Tom Rees Column
Back playing at last
April 8, 2010
Wasps' Tom Rees tests the London Irish defence in only his second game back from a lengthy lay-off © Getty Images
Firstly, for those who read and enjoy this column (Mum) - apologies for the lack of an entry a fortnight ago. This was down to two very good reasons. Number one, it was due in the week that I was making my return to rugby after 11 months out through injury and I was a bit pre-occupied. And number two, and if I'm honest the more major reason, my computer is broken.
Seeing as my name is about the only thing I can write by hand these days I was never going to manage to get something together, although it turns out it is possible to live without access to the internet - but you spend your time watching pointless TV rather than browsing pointless sites. However, through the gift of an old laptop from the Wasps media department that has a spacebar with a mind of its own, normal service can resume.
I'll come to my return to rugby in a moment, but first there is the matter of my predictions surrounding the conclusion of the Six Nations. The penultimate weekend wasn't too bad, if a bit obvious. France beat Italy, Ireland beat Wales and the game I sat on the fence for, England v Scotland was a draw. The final week however, I said Wales would narrowly beat Italy, and they walked it. I said Ireland would beat Scotland and the Scots finally got a well deserved victory. I said England would beat France, but despite their best performance of the tournament, they didn't.
So in the end France were worthy Grand Slam champions - proving me wrong in the process - Italy keep improving but remain drawn to the Wooden Spoon, and everyone else filled the space in between. Overall, I thought it was an entertaining tournament this year with a few highs and lows along the way. The task for the Home Nations now will be to re-focus on the summer tours and with the Rugby World Cup starting to loom on the horizon, make sure they are developing their squads and challenging the southern hemisphere.
It was the April 19, 2009 the last time that I played a competitive game of rugby. It was away at Bristol and I was doing my damndest to book a place on the Lions tour to South Africa that summer. After 24 minutes I felt things were going reasonably well, but come minute 25 it all changed. I was carrying the ball up from a lineout and in the resulting tackle took a heavy blow to my right shoulder that, while I didn't know it at the time, would keep me out of rugby for nearly a year.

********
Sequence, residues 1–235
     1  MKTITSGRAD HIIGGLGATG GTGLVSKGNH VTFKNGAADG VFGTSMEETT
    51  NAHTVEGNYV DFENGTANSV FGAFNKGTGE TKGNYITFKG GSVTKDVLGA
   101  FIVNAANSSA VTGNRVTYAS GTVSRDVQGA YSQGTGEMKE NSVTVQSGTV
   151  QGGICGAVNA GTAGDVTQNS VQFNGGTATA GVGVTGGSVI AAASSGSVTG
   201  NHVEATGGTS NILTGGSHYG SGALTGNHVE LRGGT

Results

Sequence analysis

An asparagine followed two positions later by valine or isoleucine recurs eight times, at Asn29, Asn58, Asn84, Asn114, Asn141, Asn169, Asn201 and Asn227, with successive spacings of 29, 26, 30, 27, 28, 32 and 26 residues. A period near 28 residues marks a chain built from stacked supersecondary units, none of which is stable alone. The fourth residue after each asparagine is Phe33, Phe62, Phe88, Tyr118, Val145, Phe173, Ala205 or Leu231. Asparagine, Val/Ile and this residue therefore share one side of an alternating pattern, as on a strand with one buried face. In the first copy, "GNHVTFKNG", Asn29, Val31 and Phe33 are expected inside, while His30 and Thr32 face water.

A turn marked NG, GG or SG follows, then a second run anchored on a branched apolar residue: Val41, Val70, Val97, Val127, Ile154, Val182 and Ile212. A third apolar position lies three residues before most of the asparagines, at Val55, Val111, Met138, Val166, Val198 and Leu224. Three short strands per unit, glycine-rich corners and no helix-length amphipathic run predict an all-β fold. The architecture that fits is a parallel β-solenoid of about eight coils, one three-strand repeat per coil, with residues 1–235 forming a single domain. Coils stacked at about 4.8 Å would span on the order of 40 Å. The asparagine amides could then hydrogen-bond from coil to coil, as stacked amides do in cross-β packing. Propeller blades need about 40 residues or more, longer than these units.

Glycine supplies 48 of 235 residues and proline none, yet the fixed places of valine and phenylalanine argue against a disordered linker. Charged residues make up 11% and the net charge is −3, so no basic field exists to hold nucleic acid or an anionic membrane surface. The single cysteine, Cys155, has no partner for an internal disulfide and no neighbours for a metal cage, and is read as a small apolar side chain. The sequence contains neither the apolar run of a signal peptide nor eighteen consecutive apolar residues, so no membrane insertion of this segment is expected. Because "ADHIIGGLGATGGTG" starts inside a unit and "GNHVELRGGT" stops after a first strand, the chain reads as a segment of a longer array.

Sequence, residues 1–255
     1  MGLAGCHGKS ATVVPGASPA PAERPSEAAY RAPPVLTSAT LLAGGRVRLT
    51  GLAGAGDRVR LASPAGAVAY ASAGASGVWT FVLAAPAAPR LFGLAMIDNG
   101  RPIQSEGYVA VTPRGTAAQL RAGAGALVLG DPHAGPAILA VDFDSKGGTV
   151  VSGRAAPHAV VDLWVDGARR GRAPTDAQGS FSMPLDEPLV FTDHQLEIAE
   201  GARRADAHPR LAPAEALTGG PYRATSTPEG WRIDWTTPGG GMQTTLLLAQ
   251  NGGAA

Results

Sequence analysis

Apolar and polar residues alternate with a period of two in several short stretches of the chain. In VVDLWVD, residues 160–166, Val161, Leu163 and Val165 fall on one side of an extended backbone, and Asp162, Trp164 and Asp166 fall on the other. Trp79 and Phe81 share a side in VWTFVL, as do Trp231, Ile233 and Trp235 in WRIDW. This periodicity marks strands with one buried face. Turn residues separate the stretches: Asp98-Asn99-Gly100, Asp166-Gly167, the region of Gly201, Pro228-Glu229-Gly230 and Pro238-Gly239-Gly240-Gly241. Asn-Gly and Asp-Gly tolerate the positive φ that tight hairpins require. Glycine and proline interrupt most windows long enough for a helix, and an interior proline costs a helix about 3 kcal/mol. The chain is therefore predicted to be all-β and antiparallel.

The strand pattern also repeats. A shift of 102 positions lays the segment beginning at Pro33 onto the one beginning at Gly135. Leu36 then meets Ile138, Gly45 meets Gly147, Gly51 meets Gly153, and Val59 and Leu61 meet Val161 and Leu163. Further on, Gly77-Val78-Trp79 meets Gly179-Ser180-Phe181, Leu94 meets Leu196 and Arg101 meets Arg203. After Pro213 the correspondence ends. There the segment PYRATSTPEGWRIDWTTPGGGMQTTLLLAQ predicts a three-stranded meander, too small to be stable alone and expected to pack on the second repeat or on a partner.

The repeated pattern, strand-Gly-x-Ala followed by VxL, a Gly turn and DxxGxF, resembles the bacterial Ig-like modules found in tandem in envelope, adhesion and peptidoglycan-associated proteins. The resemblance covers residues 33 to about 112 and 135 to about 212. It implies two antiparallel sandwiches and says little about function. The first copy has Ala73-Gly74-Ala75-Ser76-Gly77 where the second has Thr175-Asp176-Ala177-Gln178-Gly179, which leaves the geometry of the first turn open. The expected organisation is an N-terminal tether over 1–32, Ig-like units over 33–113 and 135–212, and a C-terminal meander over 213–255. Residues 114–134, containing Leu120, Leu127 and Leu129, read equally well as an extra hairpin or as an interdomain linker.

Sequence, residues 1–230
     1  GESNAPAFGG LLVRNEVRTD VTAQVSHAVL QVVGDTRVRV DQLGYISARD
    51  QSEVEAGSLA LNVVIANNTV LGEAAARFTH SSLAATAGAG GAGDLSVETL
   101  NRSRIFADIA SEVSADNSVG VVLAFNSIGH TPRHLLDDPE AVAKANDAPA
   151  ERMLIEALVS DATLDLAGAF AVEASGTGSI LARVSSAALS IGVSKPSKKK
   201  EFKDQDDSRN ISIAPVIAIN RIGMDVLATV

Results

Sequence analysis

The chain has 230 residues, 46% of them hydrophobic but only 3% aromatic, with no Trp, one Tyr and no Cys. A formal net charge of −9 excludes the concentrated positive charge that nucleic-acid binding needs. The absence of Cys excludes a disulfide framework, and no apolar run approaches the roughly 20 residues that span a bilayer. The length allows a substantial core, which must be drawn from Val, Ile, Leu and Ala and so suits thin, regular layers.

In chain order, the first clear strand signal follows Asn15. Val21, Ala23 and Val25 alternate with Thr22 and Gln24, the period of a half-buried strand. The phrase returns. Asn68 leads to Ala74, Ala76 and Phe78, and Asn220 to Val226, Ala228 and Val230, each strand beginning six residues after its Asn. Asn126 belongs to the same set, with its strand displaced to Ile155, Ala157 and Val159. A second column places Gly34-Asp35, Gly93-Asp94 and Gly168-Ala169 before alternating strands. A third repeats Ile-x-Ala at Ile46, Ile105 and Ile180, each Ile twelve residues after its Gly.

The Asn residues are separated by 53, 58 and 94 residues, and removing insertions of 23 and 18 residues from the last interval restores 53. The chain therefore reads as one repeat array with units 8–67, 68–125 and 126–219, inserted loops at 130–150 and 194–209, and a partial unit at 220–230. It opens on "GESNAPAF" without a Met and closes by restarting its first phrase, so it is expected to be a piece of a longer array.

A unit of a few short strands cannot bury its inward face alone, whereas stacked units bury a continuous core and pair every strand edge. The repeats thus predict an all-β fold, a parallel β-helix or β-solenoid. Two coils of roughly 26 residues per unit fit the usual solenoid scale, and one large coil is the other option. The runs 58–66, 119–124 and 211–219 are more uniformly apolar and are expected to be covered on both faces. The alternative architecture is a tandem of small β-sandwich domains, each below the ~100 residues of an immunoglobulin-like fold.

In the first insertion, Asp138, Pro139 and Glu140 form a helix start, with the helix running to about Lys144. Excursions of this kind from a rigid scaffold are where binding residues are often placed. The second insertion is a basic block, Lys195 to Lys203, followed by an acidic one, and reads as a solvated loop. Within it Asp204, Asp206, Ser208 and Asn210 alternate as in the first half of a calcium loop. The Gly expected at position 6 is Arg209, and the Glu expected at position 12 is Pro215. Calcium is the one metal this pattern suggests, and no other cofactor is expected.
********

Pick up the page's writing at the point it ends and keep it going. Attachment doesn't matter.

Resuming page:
After the game up at Franklins Gardens two weeks ago, it was an odd moment for me. We had put in a vastly improved performance against Northampton who are one of the form teams in the Guinness Premiership, but had still lost an important game and one we could well have won. There was a huge amount of disappointment in the dressing room, but I couldn't help but feel elated.
As I have mentioned in previous entries to this column I went through some difficult times during my rehabilitation and even went as far as to consider giving up playing, but when the game kicked off all the hard work had been worth it come Sunday morning, and despite feeling like I had been hit by a truck and then reversed over for good measure the sense of delight hadn't waned and I allowed myself a day on the sofa (although I couldn't have moved anywhere else if I'd wanted to) to think about it all. This was only interrupted in the evening when one of the UK Sport drugs testers turned up for a routine random test, and despite the inconvenience it was a welcome reminder that things keep moving on. As pleased as I was to be back, it was only one game and there are a few more to go before the end of the season.
Up next for Wasps was a vital game against London Irish last weekend, and the team produced one of our best performances of the season. In picking up a try bonus point we also denied one of our closest rivals for the play-offs any points. We know that we have to win all our remaining Premiership games to give ourselves the best chance of staying in the top four including our final home game of the season, the St Georges Day game at Twickenham on April 24. There is also the matter of the European Challenge Cup quarter-final against Gloucester this Sunday at Adams Park which will be a massive knock out game for both clubs. It's going to be an incredibly tight and exciting finish to the season, and I desperately want it to be a winning one. I will admit though, there is a small bit of me that is just happy to be out there.
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